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Molecular characterisation of a proximal chromosome 18q deletion
  2. A CAREY,
  3. C BREEN,
  4. S McQUAID,
  6. A J GREEN,
  7. M D KING*
  1. *Department of Neurology, The Children's Hospital, Temple Street, Dublin 1, Ireland
  2. †National Centre for Medical Genetics, Our Lady's Hospital for Sick Children, Crumlin, Dublin 12, Ireland
  3. ‡Faculty of Medicine, University College Dublin. Ireland
  1. Dr Stallings, ray.stallings{at}

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Editor—Deletion of the proximal end of 18q is uncommon. It has been associated with mild facial dysmorphism, hypotonia, ataxia, seizures, mental retardation, and behavioural abnormalities. Phenotypic variability has been noted. We describe a 4 year old boy with del(18)(q11.2q12.2), defined by G banding, comparative genomic hybridisation (CGH), and molecular genetic analysis. The typical facial dysmorphism was absent, but he did manifest hyperactivity, distractibility, and moderate mental retardation. This patient falls into the milder end of the spectrum of phenotypes associated with proximal 18q deletions. His case emphasises the value of performing cytogenetic analysis in children with mild global developmental delay and behavioural problems without dysmorphism. This report represents the first molecular characterisation of chromosomal breakpoints in a proximal 18q deletion case.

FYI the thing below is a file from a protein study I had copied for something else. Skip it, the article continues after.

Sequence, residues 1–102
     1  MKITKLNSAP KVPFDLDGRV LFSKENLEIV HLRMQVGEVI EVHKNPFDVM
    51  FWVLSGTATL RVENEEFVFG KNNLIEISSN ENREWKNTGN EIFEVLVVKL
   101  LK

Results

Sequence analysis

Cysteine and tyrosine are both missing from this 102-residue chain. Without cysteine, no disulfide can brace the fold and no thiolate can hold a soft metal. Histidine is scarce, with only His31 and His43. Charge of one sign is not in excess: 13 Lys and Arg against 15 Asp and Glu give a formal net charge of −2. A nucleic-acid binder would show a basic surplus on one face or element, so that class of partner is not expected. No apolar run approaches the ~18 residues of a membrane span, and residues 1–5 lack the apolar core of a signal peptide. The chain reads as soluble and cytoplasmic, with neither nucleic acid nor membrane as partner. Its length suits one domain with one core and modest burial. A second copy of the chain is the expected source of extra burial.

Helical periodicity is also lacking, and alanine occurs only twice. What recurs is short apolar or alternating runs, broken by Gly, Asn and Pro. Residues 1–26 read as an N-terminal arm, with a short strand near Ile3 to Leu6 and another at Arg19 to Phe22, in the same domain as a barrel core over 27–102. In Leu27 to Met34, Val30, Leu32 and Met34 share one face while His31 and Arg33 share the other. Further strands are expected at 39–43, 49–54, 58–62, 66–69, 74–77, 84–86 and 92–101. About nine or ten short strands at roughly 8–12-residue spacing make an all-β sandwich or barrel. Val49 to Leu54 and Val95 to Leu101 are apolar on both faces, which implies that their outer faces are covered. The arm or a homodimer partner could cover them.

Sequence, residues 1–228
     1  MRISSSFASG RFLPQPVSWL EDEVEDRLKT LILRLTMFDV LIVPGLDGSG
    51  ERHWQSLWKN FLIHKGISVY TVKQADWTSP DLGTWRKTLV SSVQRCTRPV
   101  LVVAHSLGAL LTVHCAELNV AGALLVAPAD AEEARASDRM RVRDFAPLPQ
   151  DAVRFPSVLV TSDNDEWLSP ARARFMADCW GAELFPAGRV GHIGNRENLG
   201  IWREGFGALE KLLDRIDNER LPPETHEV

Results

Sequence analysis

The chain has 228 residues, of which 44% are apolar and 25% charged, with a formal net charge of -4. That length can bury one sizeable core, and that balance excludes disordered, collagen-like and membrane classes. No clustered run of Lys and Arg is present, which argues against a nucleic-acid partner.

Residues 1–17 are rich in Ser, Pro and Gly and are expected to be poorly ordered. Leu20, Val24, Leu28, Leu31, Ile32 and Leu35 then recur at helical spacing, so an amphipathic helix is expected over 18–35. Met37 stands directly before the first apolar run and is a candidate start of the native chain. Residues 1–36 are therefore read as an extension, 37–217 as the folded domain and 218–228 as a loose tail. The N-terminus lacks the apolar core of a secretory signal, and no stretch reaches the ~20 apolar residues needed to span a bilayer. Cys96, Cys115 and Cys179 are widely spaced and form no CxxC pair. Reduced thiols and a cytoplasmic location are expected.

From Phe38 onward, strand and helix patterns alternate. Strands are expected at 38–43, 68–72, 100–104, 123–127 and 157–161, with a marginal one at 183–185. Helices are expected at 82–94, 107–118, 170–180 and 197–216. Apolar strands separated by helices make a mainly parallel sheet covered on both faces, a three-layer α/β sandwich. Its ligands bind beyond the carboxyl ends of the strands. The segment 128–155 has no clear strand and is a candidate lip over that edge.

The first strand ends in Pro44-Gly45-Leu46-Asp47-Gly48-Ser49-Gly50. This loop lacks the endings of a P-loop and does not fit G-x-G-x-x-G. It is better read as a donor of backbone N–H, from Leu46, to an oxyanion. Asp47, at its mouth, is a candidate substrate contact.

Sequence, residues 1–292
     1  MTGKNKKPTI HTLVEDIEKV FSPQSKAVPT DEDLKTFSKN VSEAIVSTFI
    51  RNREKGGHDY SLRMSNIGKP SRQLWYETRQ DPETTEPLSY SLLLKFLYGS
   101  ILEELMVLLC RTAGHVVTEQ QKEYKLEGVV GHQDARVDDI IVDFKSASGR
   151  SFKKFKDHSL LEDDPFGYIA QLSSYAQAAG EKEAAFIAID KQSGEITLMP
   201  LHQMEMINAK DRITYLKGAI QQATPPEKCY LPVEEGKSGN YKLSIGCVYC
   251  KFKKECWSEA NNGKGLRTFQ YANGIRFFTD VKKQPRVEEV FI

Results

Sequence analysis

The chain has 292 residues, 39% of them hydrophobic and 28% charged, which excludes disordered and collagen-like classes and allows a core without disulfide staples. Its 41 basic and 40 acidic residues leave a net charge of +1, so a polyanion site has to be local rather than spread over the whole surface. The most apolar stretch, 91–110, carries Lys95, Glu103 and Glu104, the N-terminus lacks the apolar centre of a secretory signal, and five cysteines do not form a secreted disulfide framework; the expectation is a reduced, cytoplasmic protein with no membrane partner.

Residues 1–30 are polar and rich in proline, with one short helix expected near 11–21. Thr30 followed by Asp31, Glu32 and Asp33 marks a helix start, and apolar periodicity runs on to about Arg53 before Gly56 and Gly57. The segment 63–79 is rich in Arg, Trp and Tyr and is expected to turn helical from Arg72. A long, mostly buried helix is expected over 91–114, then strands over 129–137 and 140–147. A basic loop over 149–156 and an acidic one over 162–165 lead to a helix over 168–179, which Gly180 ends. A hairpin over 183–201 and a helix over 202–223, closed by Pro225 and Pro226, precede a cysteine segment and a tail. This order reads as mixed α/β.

Proximal 18q deletion is uncommon, but is associated with a recognisable phenotype and pattern of behaviour.1-8Dysmorphic features include prominent forehead, short nose, midfacial recession, deep set eyes, and high arched palate. There is also an association with ataxia and a risk of seizures. Moderate to severe mental retardation in association with hyperactivity, distractibility, and aggressive behaviour is commonly described. A number of authors have suggested that proximal deletion of 18q represents a distinct clinical entity, although there is some degree of phenotypic variability in previously reported proximal chromosome 18q deletion cases.1 2 4 The phenotypic variability could be the result of subtle differences …

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